History of Rhinoplasty

By: William Berg

Rhinoplasty is plastic surgery that can be used to improve the look of the nose or improve its function. Cosmetic rhinoplasty makes the nose more beautiful, while medical rhinoplasty improves the function of the nose and is referred to as reconstructive rhinoplasty. The word rhinoplasty originates from two Greek words: rhinos and plastikos. Rhinos means nose in Greek and plastikos means ‘to shape'.

The first known instances of successful rhinoplasty were carried out in India in 600 B.C. An Indian surgeon named Sushata Samgita used surgery and skin reconstructions to improve the shape of noses that had been injured or cut off. Cutting of the nose or nose tip was a common way of punishing thieves in India during this period of time. The injured nose served as a warning to others and the convicts naturally wished to have their noses restored. By surgically reshaping noses and transplanting skin, Sushata Samgita made it possible for convicts to get a fresh start and live a life where they were not stigmatized by their previous conviction.

Today, cosmetic rhinoplasty is commonly used to make noses smaller, change their shape, lift up the nose tip, get rid of a humpback nose, take away a hanging septum, adjust a concave nose profile or make the overall nose appearance smoother.

Fashion, injuries and birth defects are three common reasons behind rhinoplasty.

Successful rhinoplasty requires in-depth knowledge and understanding of the various functions carried out by the human nose. All the different parts of the nose serve specific purposes and a skilled rhinoplasty surgeon will know how to reshape a nose without harming any of these important functions.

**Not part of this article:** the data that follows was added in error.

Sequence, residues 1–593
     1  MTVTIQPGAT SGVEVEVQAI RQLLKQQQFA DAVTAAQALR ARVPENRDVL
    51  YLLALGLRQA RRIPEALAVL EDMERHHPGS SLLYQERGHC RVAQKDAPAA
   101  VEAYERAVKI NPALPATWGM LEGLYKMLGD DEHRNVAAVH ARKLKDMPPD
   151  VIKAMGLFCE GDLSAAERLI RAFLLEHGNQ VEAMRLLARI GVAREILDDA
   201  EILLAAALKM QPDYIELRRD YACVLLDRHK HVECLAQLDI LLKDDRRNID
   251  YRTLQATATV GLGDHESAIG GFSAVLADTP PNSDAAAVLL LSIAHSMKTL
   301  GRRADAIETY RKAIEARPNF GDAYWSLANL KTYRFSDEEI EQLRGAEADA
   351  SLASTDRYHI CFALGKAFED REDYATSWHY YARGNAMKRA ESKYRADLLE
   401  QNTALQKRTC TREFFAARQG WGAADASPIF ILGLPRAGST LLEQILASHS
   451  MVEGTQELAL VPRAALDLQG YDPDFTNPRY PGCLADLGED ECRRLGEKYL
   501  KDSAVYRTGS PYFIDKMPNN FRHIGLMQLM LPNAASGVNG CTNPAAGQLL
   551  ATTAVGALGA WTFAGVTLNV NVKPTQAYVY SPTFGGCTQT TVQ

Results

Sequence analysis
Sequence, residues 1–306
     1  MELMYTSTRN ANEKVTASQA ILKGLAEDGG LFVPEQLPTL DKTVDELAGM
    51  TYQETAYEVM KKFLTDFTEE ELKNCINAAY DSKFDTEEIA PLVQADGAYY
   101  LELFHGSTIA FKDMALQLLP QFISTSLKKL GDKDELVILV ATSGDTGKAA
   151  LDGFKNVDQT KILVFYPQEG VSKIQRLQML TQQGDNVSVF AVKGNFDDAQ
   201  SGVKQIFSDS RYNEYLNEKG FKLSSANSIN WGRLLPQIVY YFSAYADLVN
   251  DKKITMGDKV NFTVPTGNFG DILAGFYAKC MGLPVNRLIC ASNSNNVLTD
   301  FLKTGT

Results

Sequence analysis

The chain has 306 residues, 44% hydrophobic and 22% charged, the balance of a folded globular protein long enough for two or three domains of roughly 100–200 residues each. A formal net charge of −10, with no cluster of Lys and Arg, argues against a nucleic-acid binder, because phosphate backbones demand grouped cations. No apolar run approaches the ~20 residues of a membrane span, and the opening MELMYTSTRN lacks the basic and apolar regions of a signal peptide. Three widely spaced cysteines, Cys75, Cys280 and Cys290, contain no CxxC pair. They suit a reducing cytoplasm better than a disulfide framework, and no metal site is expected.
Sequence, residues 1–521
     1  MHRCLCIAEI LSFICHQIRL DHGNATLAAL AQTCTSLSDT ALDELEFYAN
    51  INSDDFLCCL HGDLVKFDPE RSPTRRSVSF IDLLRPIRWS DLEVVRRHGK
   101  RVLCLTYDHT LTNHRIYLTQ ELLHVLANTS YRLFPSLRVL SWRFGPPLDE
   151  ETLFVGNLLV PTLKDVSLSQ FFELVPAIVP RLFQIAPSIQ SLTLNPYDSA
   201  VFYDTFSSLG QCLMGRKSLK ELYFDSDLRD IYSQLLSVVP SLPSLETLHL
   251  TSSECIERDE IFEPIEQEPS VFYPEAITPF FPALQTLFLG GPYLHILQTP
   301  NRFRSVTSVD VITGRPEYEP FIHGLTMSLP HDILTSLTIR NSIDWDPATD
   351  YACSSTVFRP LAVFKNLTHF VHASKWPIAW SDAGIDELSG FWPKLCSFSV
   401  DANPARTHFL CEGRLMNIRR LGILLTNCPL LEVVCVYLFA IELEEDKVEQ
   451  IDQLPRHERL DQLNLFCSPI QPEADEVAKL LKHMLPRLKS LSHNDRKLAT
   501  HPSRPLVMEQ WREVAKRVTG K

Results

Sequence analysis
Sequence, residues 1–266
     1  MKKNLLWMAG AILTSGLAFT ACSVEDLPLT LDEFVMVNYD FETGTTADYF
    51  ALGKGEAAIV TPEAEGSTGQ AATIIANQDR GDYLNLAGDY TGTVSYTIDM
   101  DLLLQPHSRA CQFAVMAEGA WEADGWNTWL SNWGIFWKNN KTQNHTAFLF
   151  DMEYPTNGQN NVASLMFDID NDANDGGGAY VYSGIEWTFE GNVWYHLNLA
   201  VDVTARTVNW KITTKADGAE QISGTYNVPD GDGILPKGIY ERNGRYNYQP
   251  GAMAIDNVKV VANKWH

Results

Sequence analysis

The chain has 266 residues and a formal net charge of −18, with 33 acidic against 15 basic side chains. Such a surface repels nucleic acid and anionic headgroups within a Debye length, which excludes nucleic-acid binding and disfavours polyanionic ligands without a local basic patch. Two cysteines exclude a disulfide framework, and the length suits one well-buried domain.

Some types of rhinoplasty can be performed under local anaesthetic, but sedation is also very common. Being sedated for 0.5-2 hours is common during rhinoplasty and after this you will typically have to spend eight hours in bed. How long you will be sedated will of course depend on the particular operation.

Rhinoplasty should not be carried out if you have suffered from a cold during the last two weeks, since this increase the risk of rhinoplasty complications. Aspirin and similar blood thinning medications should be avoided during the last few weeks prior to your rhinoplasty, since they decrease the bloods' ability to clot and can make surgery more dangerous. Informing your surgeon about all the medications that you are currently using is very important. Your surgeon must also know about any allergies, illness or unusual reactions to previous surgery.

During rhinoplasty, the incisions are often made from the inside rim of the nostrils to make them invisible. During some forms of rhinoplasty, incisions must also be made on the rims of the nose, but such incisions are usually very tiny and will not be noticed once they have healed properly. Sometimes the surgeon needs to add extra material to re-shape the nose of the patient. This material will preferably be taken from the patients' own body and can consist of cartilage as well as bone material. It is also possible to use artificial materials to reshape the nose during rhinoplasty.

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